Now let’s apply what we know about information to DNA.  Deoxyribonucleic acid is composed of 4 bases (Guanine, Adenine, Cytosine, and Thymine) attached to the famous double helix backbones of sugars and phosphates. These bases match up in pairs (G&C, A&T).  One DNA molecule can have 220 million of these base pairings. The entire human genome, the transcript of all the base pairings in all of human DNA, is 3.4 billion units.  Printed out in small font, this takes over 100 volumes of 1,000 pages each. While DNA is still mind-blowing 50+ years after it was discovered, and we’ve still only scratched the surface of understanding it, does assigning letters to these bases and filling books with them make this a language? Are these letter sequences conveying information? Actually, the ability of DNA to store and transmit information has not been lost on scientists. In 2012-13, 2 different groups managed to encode text, pictures, and audio data into DNA’s code, synthesize actual DNA from it, then sequence that DNA to get the original data back with 100% accuracy.  In fact, DNA makes for a far more stable data storage medium than our current typical magnetic disks. It’s also estimated that one cup of DNA could store 100 million hours of hi-def video[1].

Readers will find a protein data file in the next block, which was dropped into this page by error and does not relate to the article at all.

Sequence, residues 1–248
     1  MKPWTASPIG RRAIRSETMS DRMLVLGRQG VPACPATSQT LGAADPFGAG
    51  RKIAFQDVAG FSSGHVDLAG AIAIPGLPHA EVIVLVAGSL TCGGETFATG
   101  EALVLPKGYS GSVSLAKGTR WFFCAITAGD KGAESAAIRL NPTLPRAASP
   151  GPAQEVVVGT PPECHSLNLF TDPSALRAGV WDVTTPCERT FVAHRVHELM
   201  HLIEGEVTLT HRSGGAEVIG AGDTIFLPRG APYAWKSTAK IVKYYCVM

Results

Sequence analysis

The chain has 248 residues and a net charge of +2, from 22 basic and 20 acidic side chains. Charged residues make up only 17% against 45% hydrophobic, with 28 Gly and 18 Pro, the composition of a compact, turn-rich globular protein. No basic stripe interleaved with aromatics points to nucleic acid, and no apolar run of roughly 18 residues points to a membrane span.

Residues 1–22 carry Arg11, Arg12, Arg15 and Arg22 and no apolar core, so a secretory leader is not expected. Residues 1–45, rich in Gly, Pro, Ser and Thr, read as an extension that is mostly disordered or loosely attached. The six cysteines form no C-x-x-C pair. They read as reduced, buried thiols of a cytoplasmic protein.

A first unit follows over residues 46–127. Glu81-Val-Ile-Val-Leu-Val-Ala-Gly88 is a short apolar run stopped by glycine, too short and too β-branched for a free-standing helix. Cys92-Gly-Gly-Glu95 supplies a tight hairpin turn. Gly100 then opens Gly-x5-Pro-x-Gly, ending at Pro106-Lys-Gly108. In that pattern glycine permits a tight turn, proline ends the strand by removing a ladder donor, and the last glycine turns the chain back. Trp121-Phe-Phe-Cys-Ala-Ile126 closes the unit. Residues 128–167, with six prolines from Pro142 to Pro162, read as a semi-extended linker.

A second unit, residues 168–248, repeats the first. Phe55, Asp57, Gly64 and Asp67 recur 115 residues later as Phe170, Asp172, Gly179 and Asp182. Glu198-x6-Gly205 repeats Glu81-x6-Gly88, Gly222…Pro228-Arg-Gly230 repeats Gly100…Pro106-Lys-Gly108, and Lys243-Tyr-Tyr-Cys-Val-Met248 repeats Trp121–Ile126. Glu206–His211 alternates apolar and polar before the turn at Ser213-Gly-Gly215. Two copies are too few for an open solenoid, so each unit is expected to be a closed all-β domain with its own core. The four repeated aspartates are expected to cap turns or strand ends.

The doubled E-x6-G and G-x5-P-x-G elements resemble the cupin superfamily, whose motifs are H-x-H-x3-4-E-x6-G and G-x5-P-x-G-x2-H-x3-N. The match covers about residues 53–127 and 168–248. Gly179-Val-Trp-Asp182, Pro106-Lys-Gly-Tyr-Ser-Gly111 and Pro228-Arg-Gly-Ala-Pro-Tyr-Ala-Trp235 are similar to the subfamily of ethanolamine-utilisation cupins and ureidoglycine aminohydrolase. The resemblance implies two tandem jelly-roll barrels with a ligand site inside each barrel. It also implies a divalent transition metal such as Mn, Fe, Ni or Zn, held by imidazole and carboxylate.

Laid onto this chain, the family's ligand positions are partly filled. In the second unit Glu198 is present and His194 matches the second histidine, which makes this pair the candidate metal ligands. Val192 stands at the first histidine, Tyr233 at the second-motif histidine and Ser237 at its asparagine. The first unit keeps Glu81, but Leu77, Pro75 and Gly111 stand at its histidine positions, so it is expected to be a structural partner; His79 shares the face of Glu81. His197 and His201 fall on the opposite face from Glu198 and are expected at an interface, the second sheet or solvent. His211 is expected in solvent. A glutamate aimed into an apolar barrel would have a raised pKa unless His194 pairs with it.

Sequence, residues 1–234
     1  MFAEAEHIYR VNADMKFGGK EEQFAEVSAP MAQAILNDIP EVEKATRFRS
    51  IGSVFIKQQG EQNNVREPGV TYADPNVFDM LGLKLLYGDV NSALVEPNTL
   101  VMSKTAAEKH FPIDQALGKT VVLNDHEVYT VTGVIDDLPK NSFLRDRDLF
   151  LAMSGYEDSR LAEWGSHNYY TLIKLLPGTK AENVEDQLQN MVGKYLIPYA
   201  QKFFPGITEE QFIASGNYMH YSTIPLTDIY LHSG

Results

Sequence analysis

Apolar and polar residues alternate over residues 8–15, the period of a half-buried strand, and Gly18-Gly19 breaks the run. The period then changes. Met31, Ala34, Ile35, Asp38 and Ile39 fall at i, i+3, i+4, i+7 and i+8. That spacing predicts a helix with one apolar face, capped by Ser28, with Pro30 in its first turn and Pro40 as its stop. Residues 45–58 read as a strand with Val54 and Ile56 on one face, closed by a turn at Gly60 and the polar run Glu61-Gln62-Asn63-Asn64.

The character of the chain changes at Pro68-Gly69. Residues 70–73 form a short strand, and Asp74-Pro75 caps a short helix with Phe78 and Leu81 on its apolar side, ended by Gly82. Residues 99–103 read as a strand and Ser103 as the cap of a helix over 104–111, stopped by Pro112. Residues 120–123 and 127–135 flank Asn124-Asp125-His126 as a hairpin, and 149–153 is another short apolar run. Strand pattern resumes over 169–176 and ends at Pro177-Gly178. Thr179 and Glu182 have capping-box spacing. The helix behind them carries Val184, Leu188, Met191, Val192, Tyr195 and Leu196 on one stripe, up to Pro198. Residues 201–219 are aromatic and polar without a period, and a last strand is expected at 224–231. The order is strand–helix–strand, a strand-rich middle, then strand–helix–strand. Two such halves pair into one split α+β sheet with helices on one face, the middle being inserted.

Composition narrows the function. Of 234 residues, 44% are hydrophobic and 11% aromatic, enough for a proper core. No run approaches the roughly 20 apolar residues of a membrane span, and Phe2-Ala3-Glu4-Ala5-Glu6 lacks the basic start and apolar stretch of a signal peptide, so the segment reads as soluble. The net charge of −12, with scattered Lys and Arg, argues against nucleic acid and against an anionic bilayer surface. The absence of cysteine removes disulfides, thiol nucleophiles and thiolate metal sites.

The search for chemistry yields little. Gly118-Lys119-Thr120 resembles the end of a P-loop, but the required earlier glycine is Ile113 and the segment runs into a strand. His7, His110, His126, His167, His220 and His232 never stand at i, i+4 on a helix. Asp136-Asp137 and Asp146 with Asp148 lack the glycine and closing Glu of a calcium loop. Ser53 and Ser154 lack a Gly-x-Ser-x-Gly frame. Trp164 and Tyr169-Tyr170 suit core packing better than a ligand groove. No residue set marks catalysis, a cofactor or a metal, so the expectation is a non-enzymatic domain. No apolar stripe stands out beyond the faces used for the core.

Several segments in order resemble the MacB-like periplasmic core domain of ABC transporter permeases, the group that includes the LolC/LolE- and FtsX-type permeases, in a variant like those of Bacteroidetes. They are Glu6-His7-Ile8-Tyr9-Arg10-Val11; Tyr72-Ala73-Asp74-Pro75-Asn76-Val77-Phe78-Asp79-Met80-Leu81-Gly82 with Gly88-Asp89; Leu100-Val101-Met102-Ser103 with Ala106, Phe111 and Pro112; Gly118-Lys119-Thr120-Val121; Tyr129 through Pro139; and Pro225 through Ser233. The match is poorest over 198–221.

Let’s compare this 4-letter “alphabet” to some other alphanumeric codes. Consider this: our common number system is called Base 10 because it uses the ten digits 0-9. Our computers use “binary”, a Base 2 system that only uses the numbers 0 and 1, because these can represent physical states of on and off. Hexadecimal (Base 16) has been used in computers to reduce storage requirements. It uses the digits 0-9, then adds the letters A-F. In this way, you can count to 15 with only 1 digit (F) compared to the 4 digits needed in binary (1111). The English alphabet that I’m using to communicate right now is a sort of Base 26 code. You have 26 symbols to use for each character, and if that’s not enough to convey an idea, then you need to keep adding characters to form words, stringing those into sentences, paragraphs, books, and rambling blogs…. Knowing how base systems work, what do we see when we look at DNA? We see a Base 4 code for conveying information. Interestingly, a 2006 paper in the Bulletin of Mathematical Biology asked the question of why DNA is a Base 4 code and not a binary code, or Base 6, Base 8, etc, and concluded that Base 4 actually maximizes the rate of replication over every other option.[2] Dr. Werner Gitt looked at DNA from a data storage standpoint and concluded that the 4 letter “alphabet” and 3 letter “words” (codons) used by DNA for synthesizing proteins were the most efficient system possible in terms of minimizing space requirements in the cell, simplifying encoding/decoding of the data, and maximizing redundancy for error checking[3]. So the framework for efficiently storing and communicating information is there, but is there actually information there? Like the set of framing plans, if you follow the data found in human DNA you will end up with a human. In fact, this is carried out every time a baby is conceived as a new human is constructed from the plans found in its DNA.  The data found therein is extremely specific, highly complex, and has intent or end-purpose. Therefore, it does indeed seem to be true information, requiring an intelligent source, and providing an additional jigsaw piece in our design puzzle.